I learned the value of a well kept blade when I was about 10. That summer I spent two weeks at my paternal grandparents. My grandpa found me playing mumbly peg with my pocket knife and totally out of character went off. He must have confessed to grandma because she set me down to have a talk. She pulled out a picture and explained why grandpa was so upset with me sticking the knife in the dirt. In a picture she showed me was a human arm in a mini coffin. Yes grandpa only had his right arm to just below the elbow. She told the story of how a clogged corn picker grabbed grandpa's glove as he tried to clear it while running. It grabbed the glove then the fingers then his hand. He was forced to choose to cut his own arm off or be drug into the machine. Though he is gone as I routinely sharpen my pocket knives or any kitchen knife he crosses my mind and I understand the benefits of a properly maintained tool.
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Postby prohandyman » Sat Jan 12, 2008 9:42 pm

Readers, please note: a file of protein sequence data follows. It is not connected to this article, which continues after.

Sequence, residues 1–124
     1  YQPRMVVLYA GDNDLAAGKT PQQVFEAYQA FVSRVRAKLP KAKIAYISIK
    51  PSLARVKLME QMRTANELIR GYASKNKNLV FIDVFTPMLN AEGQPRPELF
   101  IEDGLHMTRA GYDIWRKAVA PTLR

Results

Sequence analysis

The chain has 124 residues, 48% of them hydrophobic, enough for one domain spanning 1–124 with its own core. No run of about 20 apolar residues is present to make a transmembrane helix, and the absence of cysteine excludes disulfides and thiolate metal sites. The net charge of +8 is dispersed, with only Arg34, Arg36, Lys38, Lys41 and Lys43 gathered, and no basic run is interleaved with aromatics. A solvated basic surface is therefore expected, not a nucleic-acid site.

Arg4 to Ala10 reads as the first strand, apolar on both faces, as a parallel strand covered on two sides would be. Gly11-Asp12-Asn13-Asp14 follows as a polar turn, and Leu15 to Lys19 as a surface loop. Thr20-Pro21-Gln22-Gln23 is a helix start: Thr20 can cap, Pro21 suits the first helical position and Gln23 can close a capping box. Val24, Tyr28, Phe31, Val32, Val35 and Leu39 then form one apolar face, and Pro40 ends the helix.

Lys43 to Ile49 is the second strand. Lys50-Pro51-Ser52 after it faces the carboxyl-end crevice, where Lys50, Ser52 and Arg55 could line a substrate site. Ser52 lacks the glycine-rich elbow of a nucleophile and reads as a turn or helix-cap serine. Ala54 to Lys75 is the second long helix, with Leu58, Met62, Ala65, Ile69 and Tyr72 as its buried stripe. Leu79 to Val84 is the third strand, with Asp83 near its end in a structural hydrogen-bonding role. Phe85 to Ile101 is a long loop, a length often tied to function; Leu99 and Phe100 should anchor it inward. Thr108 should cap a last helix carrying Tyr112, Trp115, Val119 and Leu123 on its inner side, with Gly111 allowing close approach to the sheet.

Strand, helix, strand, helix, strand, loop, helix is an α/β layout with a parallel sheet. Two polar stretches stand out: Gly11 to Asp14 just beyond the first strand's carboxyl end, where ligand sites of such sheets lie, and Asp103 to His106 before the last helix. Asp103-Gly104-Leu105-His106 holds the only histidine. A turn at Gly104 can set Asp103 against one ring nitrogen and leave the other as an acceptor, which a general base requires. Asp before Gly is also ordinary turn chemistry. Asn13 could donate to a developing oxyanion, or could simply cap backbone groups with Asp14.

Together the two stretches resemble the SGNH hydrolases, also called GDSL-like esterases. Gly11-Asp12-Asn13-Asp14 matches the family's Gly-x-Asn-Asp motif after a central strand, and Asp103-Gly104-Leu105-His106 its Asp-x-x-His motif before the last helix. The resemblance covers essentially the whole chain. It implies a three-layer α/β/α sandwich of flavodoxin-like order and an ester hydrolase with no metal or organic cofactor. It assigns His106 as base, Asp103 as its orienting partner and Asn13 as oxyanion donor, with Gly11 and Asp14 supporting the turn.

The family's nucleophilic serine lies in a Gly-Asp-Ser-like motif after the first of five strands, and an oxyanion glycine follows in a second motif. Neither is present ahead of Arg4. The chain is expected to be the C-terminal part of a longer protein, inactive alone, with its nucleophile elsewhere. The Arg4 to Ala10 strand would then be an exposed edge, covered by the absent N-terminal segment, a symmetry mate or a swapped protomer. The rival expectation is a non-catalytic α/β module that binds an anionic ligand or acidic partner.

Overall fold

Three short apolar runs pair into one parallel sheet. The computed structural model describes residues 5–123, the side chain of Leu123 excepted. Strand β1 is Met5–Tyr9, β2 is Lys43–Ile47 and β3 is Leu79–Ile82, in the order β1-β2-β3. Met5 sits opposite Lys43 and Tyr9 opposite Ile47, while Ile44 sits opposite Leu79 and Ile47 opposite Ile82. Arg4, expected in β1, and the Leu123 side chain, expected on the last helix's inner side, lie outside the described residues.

Bob
My family had made and collected knives for many years. We have used every sharpener on the market. Wet stones are good, if you stay on top of the knives - but whos does that? Throw Lansky, wet stones, ceramic and others in the trash. Buy these:
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After we tried these, nothing, and I mean even my beloved Lansky couldn't hold a candle to these sharpeners. They are called Edgemaker! Clicky We found them at a gun and knife show. Now I see they are even on e-bay. I own three different grades of courseness. I can bring them to Brown County if you want.
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KNIFE SHARPENERS

Postby CPASPARKS » Sat Jan 12, 2008 10:02 pm

Thanks Dan,
I just ordered a set online. 8)
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Postby SteveH » Thu Jan 17, 2008 11:26 am

Bad news on the Edgemaker, IMHO. I just received my set, and they don't work too good. The major complaint I have is the one I suspected...they leave a wire edge on the knife. A wire edge is common when the shapening devise is not moved away from the blade edge.

This is just my finding....your mileage may vary.
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Postby bobhenry » Thu Jan 17, 2008 2:02 pm